Based on our real-world testing using Ixia's IxChariot software in a crowded Wi-Fi environment, Luma was disappointing. The user can't separate its 2.4- and 5-GHz transmissions, and a single Luma managed a combined throughput of 291.5 Mbps at 5 feet. This drops off to 110.7 Mbps at 140 feet, putting the Luma in the midrange of results, slightly ahead of Google's OnHub (at 265.3 Mbps at 5 feet), but off the pace set by the Linksys WRT1900ACS (409 Mbps at 5 feet).
A single Luma router stayed online with a Microsoft Surface 3 tablet up to 65 feet in my suburban house with old construction and plenty of thick walls to penetrate. That's one of the shortest ranges I've seen in a router, although it emphasizes how Lumas are meant to be linked in a mesh network.
To that end, I used three devices to cover my three-floor, 3,500-square-foot house in two different ways. First, I strung three Lumas in a line on the main floor, separating them by between 30 and 40 feet for a combined range of 170 feet; the signal reached both the floor above and the one below. This range puts a trio of Lumas on a par with a single Linksys WRT1900AC. Once I got to the end of the line, though, the connection's latency increased as the delivered throughput declined.
I also set the Lumas up at roughly the same place on each of my home's three floors so that the extenders were connecting up and down from a centrally located host router on the main floor. That decreased both the loss of throughput and rise of latency.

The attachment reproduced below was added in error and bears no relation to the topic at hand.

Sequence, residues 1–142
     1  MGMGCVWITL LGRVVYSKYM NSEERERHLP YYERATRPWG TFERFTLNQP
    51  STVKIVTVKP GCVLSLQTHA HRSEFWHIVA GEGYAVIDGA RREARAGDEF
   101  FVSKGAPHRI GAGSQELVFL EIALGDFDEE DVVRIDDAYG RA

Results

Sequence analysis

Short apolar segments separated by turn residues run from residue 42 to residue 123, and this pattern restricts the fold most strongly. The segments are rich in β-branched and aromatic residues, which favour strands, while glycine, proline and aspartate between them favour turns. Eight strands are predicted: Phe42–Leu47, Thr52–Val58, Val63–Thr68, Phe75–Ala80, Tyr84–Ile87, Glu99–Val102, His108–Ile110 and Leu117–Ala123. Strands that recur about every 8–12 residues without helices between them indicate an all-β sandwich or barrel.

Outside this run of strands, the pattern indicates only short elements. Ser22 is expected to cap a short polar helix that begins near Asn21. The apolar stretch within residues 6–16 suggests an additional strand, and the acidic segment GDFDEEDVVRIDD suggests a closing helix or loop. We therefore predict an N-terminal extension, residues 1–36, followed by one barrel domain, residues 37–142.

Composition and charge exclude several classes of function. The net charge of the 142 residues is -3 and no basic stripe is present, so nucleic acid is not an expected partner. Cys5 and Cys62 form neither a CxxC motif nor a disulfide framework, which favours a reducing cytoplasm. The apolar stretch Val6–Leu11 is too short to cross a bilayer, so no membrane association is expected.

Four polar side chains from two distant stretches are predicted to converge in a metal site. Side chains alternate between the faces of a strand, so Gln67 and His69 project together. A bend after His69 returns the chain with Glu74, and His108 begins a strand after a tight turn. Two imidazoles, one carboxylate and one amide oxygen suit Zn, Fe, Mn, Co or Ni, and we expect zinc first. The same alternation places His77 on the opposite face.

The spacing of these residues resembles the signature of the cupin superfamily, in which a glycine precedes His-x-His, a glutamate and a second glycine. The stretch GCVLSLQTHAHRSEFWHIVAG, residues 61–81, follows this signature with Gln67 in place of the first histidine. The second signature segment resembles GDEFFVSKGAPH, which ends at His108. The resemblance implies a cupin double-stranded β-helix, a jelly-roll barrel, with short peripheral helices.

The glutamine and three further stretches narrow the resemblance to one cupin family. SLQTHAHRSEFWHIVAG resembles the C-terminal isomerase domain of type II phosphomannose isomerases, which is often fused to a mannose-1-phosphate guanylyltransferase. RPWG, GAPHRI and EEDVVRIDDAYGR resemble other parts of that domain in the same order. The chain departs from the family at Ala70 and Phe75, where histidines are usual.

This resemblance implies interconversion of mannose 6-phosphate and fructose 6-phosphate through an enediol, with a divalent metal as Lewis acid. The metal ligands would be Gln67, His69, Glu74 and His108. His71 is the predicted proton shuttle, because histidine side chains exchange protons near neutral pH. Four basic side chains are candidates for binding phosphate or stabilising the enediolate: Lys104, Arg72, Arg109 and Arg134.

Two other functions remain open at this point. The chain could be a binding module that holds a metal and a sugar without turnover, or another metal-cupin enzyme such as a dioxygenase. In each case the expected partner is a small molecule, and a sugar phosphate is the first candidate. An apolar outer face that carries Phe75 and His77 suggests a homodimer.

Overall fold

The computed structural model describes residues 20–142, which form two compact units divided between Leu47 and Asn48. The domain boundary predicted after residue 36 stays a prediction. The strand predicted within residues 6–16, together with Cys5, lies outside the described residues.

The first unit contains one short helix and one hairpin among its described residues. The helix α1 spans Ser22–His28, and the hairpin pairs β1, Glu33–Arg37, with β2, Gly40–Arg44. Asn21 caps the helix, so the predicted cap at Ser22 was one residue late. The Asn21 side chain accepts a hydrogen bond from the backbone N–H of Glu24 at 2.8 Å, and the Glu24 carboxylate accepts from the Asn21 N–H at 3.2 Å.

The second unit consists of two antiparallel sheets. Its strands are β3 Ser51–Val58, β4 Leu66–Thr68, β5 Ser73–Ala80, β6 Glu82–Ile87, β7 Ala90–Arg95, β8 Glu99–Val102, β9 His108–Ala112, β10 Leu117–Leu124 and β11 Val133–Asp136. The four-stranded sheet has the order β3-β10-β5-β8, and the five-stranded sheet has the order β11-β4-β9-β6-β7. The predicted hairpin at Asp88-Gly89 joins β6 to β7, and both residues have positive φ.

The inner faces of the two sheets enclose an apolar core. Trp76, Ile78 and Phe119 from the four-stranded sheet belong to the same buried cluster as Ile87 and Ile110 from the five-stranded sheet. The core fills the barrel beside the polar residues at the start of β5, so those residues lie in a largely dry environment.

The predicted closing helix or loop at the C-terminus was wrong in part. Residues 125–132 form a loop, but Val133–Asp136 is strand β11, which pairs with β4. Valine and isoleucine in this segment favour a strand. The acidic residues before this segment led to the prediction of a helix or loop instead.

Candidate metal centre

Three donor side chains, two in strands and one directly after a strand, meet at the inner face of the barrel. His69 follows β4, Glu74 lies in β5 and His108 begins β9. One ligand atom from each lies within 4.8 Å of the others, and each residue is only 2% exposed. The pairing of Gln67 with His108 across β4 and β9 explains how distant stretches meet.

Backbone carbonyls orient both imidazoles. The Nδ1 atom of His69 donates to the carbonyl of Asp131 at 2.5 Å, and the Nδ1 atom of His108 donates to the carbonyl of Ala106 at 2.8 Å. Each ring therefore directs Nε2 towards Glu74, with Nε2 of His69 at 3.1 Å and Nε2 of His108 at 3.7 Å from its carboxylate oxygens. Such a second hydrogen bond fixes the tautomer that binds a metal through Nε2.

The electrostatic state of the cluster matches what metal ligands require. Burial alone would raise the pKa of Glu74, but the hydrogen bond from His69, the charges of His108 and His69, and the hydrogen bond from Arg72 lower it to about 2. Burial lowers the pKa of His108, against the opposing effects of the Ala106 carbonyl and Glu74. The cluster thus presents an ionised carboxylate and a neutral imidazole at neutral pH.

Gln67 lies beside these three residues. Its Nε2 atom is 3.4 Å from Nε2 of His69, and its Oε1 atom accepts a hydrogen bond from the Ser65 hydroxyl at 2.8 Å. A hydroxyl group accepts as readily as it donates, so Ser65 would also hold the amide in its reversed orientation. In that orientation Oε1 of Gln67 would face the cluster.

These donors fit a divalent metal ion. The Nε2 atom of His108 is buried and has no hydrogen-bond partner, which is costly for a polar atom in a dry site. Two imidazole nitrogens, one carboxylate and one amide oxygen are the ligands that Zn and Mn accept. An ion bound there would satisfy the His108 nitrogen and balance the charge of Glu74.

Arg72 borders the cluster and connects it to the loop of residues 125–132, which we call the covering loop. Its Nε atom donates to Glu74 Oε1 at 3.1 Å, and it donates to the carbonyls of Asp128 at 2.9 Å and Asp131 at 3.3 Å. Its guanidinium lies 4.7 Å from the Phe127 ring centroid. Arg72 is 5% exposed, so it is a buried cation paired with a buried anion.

Luma handled our informal saturation test without skipping a beat. I watched an Internet video on the Surface Pro 3 tablet while I listened to an Internet radio station on a MacBook Air and an iPad Pro played YouTube videos, all while a Samsung TabPro S was moving data onto and off of a network storage system.
Setup, Warranty and Support
Luma is the easiest router-extender combo to set up, bar none, though you will have to be patient, because each Luma takes about 10 minutes to set up, though you'll spend most of that time waiting, since everything is automatic. Like Google OnHub and Starry Station, you download an iOS or Android app — there's no Mac or PC software — and then create an account.
Luma's software asks a few questions about whether you live in a house, townhouse or apartment, how many floors you've got and where your broadband modem is. After you plug Luma in, the circular light on the router spins blue while the device is configured. When done, the light goes off, but there's no indication of progress. Rather than anxiously staring at it, I got a cup of coffee and read my book.
To add another Luma, you tap the map of a generic house in the Luma app, giving it one of six location descriptions. You can choose items like Dining Room or Bedroom, but you can't add your own descriptions (like "Brian's office," for example).